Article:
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NATO Secretary General Receives Award for Role in Women, Peace and Security

March 19, 2014 – It is more dangerous to be a woman in some places in the world than it is to be a soldier, NATO Secretary General Anders Fogh Rasmussen told a Georgetown audience today after receiving an award for his leadership in promoting women, peace and security.

Rasmussen is the third individual to receive the Hillary Rodham Clinton Award for Advancing Women in Peace and Security, created by the Georgetown Institute for Women, Peace and Security (GIWPS) led by executive director and Georgetown alumna Melanne Verveer.

“The harsh reality is that in many conflict areas today it is it more dangerous to be a woman than a soldier,” the former prime minister of Denmark said after being presented with the award by Georgetown President John J. DeGioia. “…Women time and again find themselves marginalized in these processes and they don’t get a chance to make their views known.”

“But if women don’t play an active part in making peace and keeping peace, then the needs and interests of half of the world’s population are not taken into account,” he said.

Leading by Example

Rasmussen received the award for integrating women, peace and security into NATO’s mandate and operations.

He called Clinton a “powerful voice for peace for democratic freedoms and for human rights.”

“Hillary is an inspiration for us all,” Rasmussen said. “She challenges us all to show leadership on the vital issues of women peace and security. She has consistently encouraged NATO to lead by example and that’s exactly what we have done.”

Agents of Change

Anders Fogh Rasmussen  “The harsh reality is that in many conflict areas today it is it more dangerous to be a woman than a soldier,” said NATO Secretary General Anders Fogh Rasmussen after receiving the Hillary Rodham Clinton Award for Advancing Women in Peace and Security at Georgetown.

Former Secretary of State Hillary Rodham Clinton earlier presented the award to British Foreign Secretary William Hague and Dr. Denis Mukwege, founder of the Panzi hospital in the Democratic Republic of the Congo, at Georgetown on Feb. 26, when Rasmussen was not able to attend.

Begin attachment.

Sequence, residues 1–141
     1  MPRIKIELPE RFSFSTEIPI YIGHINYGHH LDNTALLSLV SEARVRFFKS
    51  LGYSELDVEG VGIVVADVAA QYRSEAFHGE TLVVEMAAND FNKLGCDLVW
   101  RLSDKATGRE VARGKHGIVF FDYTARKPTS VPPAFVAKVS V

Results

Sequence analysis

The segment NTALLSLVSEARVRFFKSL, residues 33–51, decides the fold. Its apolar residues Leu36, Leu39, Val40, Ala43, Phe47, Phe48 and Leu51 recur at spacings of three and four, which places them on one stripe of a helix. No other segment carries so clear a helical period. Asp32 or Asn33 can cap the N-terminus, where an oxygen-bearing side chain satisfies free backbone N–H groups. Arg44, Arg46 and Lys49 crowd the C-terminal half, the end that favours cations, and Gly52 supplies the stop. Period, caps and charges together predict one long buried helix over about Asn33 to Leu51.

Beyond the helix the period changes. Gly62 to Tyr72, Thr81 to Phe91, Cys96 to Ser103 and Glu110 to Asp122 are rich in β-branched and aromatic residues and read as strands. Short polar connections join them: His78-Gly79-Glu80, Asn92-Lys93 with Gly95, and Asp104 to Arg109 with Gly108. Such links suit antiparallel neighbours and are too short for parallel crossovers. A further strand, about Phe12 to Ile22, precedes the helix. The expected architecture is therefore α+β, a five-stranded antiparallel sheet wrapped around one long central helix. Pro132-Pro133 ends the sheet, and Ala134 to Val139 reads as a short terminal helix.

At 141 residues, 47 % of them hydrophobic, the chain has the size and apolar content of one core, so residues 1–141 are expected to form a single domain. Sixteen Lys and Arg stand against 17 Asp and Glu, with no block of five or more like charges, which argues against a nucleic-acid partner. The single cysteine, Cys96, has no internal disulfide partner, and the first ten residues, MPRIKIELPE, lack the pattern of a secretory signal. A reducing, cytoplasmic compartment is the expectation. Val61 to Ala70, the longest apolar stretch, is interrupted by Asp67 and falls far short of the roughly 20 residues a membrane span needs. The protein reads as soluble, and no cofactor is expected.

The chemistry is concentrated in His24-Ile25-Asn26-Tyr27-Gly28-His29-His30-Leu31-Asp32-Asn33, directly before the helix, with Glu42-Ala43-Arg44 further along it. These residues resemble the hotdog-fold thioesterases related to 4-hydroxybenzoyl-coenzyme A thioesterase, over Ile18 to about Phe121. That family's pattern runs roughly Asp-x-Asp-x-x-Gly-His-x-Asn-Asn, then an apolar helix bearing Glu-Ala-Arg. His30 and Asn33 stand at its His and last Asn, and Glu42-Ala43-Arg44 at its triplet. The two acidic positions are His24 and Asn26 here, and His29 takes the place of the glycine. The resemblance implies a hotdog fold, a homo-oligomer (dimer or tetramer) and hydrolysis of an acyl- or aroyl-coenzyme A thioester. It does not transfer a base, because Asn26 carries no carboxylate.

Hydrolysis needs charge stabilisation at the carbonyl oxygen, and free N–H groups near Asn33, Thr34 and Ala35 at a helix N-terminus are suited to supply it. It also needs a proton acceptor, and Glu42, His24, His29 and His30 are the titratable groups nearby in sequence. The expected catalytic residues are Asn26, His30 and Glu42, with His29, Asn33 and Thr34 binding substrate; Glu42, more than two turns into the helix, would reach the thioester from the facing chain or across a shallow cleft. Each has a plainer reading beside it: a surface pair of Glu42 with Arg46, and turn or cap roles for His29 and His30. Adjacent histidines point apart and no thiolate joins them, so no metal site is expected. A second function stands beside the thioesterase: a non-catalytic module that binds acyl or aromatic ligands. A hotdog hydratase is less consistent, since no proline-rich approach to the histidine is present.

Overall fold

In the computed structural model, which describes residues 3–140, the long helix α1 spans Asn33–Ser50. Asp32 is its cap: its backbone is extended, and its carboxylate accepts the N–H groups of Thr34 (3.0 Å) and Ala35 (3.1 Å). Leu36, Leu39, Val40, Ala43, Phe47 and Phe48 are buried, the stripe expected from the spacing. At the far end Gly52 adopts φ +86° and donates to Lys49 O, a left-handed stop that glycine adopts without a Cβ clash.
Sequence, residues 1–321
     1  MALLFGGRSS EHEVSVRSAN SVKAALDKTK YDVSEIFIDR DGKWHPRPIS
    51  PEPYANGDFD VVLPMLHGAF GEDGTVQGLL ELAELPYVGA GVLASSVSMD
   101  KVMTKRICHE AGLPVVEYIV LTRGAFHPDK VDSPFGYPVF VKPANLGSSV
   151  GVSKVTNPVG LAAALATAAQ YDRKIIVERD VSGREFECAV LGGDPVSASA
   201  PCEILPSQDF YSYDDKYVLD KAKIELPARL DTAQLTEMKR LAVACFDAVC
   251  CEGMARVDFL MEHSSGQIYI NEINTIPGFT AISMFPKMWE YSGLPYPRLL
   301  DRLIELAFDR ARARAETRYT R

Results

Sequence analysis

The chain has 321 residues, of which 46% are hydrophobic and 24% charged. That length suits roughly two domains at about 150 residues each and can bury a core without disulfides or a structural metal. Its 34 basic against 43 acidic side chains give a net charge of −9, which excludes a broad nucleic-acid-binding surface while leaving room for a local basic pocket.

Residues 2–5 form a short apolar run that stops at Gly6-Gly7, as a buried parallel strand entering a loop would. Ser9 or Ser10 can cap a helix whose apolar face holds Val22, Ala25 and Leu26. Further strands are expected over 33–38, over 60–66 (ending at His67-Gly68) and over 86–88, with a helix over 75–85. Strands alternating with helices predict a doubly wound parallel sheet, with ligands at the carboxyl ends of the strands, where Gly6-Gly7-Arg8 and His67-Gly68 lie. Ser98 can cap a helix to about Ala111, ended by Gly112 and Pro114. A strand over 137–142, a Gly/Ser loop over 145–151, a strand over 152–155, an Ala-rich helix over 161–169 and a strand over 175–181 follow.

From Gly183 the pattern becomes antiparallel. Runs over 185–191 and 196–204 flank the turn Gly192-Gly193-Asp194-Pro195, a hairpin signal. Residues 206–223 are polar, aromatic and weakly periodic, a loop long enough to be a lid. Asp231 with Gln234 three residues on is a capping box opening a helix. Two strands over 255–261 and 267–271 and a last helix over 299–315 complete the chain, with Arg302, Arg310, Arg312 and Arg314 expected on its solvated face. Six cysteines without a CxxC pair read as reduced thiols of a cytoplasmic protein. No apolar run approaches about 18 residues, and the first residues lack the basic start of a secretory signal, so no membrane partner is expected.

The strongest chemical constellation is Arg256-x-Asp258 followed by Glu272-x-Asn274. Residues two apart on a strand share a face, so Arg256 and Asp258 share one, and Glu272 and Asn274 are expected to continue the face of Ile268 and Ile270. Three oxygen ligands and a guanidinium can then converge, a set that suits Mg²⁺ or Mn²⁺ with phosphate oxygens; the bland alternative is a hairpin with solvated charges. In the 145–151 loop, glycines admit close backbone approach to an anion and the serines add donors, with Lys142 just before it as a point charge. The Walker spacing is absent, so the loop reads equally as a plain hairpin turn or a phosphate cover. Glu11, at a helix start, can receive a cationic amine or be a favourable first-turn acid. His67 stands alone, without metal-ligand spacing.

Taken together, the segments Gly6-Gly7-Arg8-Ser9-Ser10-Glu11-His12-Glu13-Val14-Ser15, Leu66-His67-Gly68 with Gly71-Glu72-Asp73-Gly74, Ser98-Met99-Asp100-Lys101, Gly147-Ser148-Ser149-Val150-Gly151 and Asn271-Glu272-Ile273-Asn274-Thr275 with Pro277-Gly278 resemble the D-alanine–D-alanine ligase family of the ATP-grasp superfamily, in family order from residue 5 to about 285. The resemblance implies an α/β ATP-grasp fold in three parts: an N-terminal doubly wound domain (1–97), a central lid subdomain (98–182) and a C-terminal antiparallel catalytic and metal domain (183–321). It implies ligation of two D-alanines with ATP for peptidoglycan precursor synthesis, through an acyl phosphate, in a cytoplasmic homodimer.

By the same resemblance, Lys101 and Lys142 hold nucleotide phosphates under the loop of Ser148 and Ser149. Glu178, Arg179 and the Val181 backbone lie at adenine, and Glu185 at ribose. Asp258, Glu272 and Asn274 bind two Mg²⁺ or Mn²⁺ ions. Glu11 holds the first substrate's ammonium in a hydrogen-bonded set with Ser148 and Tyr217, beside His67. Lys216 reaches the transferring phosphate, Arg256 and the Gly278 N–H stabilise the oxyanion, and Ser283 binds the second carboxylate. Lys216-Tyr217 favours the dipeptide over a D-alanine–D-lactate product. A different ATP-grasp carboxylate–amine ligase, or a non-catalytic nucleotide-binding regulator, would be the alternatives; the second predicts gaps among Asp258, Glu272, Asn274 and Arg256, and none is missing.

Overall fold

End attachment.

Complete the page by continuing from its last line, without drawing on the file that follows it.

“He has boldly led NATO’s efforts to integrate women, peace and security into the alliance’s operations,” Clinton said in a video tribute shown at the event. “He understands that women are agents of change and drivers of progress, not just victims and survivors.”

Verveer, who most recently served as the U.S. Ambassador for Global Women’s Issues, moderated a question-and-answer session with Rasmussen.

Exemplary Leadership

She noted that she heard him speak at a conference in Copenhagen on the role of women in global security in 2010.

“In his compelling address, which I well remember, he underscored the important role that women can and must play in preventing conflict and in building peace,” she said. “And he described the ways in which NATO was incorporating that perspective and women’s participation in its overall operations. … it is for his exemplary leadership at NATO in advancing women, peace and security that we honor him today.”

Rasmussen also noted in the question-and-answer session that he believes whoever becomes the new president of Afghanistan will sign a security agreement with America and that the new government will protect women’s rights.

He said the most pressing security challenge for NATO is right now is Ukraine and called “what is seen in Crimea is a threat to security and stability in the Euro-Atlantic area.”

Significant Accomplishments

In December 2011, then-Secretary of State Clinton announced the formation of GIWPS when she unveiled the U.S. National Action Plan on Women, Peace and Security at Georgetown. Clinton currently serves as the honorary founding chair of the institute.

“We are here today for this award ceremony because of the work of this institute – its leadership, the urgency of its mission, its substantive impact,” DeGioia said at today’s event.

In its first year, the institute has “convened leaders, scholars and practitioners in dialogue,” provided a way for students to “more deeply engage these issues” and undertaken research to “advance the broader dialogue on the role of women in conflict and peacebuilding,” he explained.

“And it has provided our community this meaningful way to recognize the contributions of leaders from around the world and their work to advance women in peace and security,” DeGioia added.

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